43. 43. Round 2 Debrief • Any improvement in your Limerick’s flow? – Any roughness? – Subject get off the rails? – How about that last sentence? – Did anyone mess up the rhyming? • How did it feel not being able to change a prior line? • What shared mental model did you have? • Is working sequentially on code like this a realistic approach?
  44. 44. Pair Poetry Round 3: • Same pairs; you’ll each need only ONE pen and ONE piece of paper, and two story dice. • Again we’ll write a Limerick together; – Limericks follow an end of a sentence rhyming pattern of A-A-B-B-A – 1st, 2nd, and 5th lines are 8-9 syllables – 3rd and 4th lines are 5 syllables – They are almost always humorous, if not a little bawdy • We’ll now write a Limerick that pairs fully – Either of you can write, the other can comment, critique, provide input, etc. – You can also REQUEST THE PEN! – Change any line/word you want as long as both people agree • Here’s how to play: – Roll the story dice, use these two pictures when writing your Limerick – Put both your names on your sheet and write your lines together… • Once it is complete, put your hands up; I’ll collect your sheets.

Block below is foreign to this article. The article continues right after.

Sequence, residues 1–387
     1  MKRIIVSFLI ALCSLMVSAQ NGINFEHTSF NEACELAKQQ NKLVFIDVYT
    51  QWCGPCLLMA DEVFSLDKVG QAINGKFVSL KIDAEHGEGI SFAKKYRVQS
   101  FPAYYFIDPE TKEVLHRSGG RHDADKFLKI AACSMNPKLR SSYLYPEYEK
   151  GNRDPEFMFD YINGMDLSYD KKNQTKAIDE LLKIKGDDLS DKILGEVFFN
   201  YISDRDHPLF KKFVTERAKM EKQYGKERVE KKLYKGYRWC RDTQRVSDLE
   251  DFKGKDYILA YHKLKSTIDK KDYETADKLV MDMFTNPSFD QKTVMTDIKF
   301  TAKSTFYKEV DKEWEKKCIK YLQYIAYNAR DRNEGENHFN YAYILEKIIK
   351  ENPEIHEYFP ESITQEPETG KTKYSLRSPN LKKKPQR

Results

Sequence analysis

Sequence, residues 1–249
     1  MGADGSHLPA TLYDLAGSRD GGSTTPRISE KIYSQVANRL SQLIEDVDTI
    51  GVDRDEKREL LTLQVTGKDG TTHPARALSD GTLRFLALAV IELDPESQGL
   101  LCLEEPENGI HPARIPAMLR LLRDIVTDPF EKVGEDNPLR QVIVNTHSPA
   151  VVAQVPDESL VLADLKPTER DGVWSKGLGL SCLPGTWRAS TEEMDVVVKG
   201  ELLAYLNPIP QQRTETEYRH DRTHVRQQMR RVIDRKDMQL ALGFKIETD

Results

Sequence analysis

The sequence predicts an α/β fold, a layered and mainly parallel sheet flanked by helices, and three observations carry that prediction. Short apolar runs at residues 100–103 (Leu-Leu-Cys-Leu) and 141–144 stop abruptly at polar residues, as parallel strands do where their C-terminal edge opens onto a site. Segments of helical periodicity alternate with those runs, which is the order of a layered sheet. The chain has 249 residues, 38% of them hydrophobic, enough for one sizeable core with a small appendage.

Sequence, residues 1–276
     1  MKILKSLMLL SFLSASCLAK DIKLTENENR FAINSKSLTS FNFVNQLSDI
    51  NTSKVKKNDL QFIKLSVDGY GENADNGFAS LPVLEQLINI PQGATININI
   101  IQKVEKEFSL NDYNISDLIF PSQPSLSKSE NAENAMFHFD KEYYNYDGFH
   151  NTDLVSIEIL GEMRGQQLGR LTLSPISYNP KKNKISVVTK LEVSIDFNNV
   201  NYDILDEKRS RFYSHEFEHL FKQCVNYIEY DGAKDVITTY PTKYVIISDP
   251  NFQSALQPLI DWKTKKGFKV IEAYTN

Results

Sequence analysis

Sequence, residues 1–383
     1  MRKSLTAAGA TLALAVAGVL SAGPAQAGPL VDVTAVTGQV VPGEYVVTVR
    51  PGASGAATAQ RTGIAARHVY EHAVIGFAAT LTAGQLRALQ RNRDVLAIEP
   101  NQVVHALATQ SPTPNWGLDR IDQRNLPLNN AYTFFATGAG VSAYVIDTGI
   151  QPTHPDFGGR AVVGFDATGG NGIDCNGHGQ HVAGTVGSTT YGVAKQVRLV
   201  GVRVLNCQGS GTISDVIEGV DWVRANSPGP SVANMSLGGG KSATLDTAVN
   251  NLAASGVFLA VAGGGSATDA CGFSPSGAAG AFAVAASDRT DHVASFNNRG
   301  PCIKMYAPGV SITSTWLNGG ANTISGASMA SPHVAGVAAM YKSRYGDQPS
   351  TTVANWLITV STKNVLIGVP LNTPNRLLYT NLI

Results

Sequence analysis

45. 45. Round 3 Debrief • Any improvement in your Limerick’s flow? – Any roughness? – Subject get off the rails? • What shared mental model did you have? • Did you finish more quickly? • How did you feel about the quality of your limerick?
  46. 46. Beyond Pairs… Try Triads! Dev  Tester  Dev Dev  BA  Dev Dev  PO/SME  Tester Dev  Tester  BA
  47. 47. Some Tools for Remote Pairing • RealVNC • TeamViewer • Windows Remote Desktop • AeroAdmin • Chrome Remote Desktop • Remote Utilities • join.me • BeamYourScreen
  48. 48. Time for a break…
  49. 49. #3 Continuous Integration
  50. 50. CI Helps Provide the Fast Feedback Loops to Discovering Mismatches… …in Environments …in Understanding Resulting in Better Reliability
  51. 51. How CI Works… Valve opens on 00101101 ✓-in Success = Deploy Binary When Implemented Execute Build Scripts Execute Test Scripts
  52. 52. Continuous Integration with